Can Viagra Save Tigers?

Viagra can save tigers. Experts in the field of Chinese traditional medicine have been using rare and powerful animals to treat some very “piquant” disorders for several thousand years. For example, the oldest means to combat erectile dysfunction is the tiger’s penis.

An increasing number of animals are being killed for medical purposes to produce miracle drugs and luxury goods. But the growth of the Chinese economy and the introduction of certain drugs, such as Viagra or its generics, may reduce the percentage of rare animals’ death.Can Viagra Save Tigers in China_

We still cannot rely on experience, but we believe that the rapid and effective action of sildenafil, the main component of Viagra will allow the Chinese to take a different look at Western medicine,” said William von Hippel, a psychologist at the University of New South Wales, Australia.

Von Hippel was the head of research aimed at exploring the possibility of introducing generic or branded Viagra into the Chinese market.

Von Hippel’s study showed that middle-aged men from China began using Western medicines to treat erectile dysfunction instead of tiger penis, as well as seal and rhino horn penises. However, the same men continue using traditional Chinese remedies for the treatment of other diseases.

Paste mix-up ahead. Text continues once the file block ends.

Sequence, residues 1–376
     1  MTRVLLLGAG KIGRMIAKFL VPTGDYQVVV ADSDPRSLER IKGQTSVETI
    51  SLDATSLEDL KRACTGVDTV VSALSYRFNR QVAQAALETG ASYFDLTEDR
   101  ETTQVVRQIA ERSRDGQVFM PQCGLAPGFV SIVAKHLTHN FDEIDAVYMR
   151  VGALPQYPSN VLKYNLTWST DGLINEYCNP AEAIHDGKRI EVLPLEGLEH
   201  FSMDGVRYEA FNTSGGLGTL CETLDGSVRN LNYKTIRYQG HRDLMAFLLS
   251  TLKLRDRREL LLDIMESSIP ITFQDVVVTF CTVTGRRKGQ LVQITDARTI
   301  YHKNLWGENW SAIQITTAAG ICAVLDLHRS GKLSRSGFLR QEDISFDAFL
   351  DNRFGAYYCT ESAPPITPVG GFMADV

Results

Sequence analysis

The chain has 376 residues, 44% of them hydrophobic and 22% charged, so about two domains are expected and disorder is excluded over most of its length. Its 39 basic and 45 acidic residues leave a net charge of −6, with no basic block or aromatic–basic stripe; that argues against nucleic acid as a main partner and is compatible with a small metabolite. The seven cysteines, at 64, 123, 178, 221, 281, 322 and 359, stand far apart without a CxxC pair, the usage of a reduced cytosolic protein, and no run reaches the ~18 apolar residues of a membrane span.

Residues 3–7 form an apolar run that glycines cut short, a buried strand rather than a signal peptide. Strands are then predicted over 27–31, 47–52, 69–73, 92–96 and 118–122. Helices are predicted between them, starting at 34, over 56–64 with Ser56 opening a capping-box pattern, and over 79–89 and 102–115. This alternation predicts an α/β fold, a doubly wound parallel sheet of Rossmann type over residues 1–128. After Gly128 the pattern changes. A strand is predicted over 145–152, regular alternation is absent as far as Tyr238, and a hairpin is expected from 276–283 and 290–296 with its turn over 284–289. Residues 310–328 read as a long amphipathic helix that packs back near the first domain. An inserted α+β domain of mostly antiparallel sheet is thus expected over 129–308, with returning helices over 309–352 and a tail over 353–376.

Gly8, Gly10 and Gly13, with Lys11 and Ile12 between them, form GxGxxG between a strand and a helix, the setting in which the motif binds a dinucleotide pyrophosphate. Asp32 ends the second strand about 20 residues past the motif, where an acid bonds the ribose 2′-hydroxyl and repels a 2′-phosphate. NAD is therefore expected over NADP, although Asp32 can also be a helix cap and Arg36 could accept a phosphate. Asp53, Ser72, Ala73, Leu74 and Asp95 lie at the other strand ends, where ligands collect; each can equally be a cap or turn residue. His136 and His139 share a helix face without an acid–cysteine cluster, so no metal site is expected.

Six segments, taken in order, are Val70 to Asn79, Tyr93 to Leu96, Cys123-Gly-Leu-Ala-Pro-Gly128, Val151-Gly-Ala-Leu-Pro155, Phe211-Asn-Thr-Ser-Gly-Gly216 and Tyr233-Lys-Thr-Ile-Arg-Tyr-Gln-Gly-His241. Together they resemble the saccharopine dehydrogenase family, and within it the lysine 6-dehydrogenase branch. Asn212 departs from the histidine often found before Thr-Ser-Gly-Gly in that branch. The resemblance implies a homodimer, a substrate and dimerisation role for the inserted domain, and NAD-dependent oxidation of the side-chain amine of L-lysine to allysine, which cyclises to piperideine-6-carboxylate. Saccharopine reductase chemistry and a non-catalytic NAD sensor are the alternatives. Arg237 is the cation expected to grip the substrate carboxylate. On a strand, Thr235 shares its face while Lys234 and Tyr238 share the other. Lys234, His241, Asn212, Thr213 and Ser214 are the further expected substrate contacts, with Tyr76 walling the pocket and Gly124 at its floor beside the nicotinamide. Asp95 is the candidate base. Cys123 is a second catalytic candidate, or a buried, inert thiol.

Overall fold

In the last 60 years, 3 out of 8 tigers’ subspecies have died out, one for every 20 years. There are about 1200 tigers in the wild in India, although 10 years ago there were 2 times more of them, and at the beginning of the 20th century – 100 thousand species. Poachers continue killing tigers and are transporting valuable drug ingredients to China.

But can Viagra act as an alternative?

Its popularity in recent years is connected not only with advertising but also with a very affordable price. Tigers’ or rhino horns’ penises are extremely difficult to obtain, and they are very expensive. It is not always possible to help cure erectile dysfunction. Only rich patients can afford this kind of treatment. Viagra, in this case, is available to almost everyone.

On the other hand, the high cost of products made from extinct animals can turn them into symbols of the high class. As in many other countries, the desire for luxury and power makes many animals the target of poachers, including elephants, tigers, rhinos, sharks and others.

The wasteful consumption of valuable resources by the rich can come to naught thanks to the nature protection movements in China, just as it happened in Europe and North America, where it was forbidden to use natural fur in fashion shows.

Von Hippel noted that the environmental protection movement had only just begun to develop in China, but it was already capable of reducing the number of murders of rare animals by poachers for the production of luxury goods and exotic medications.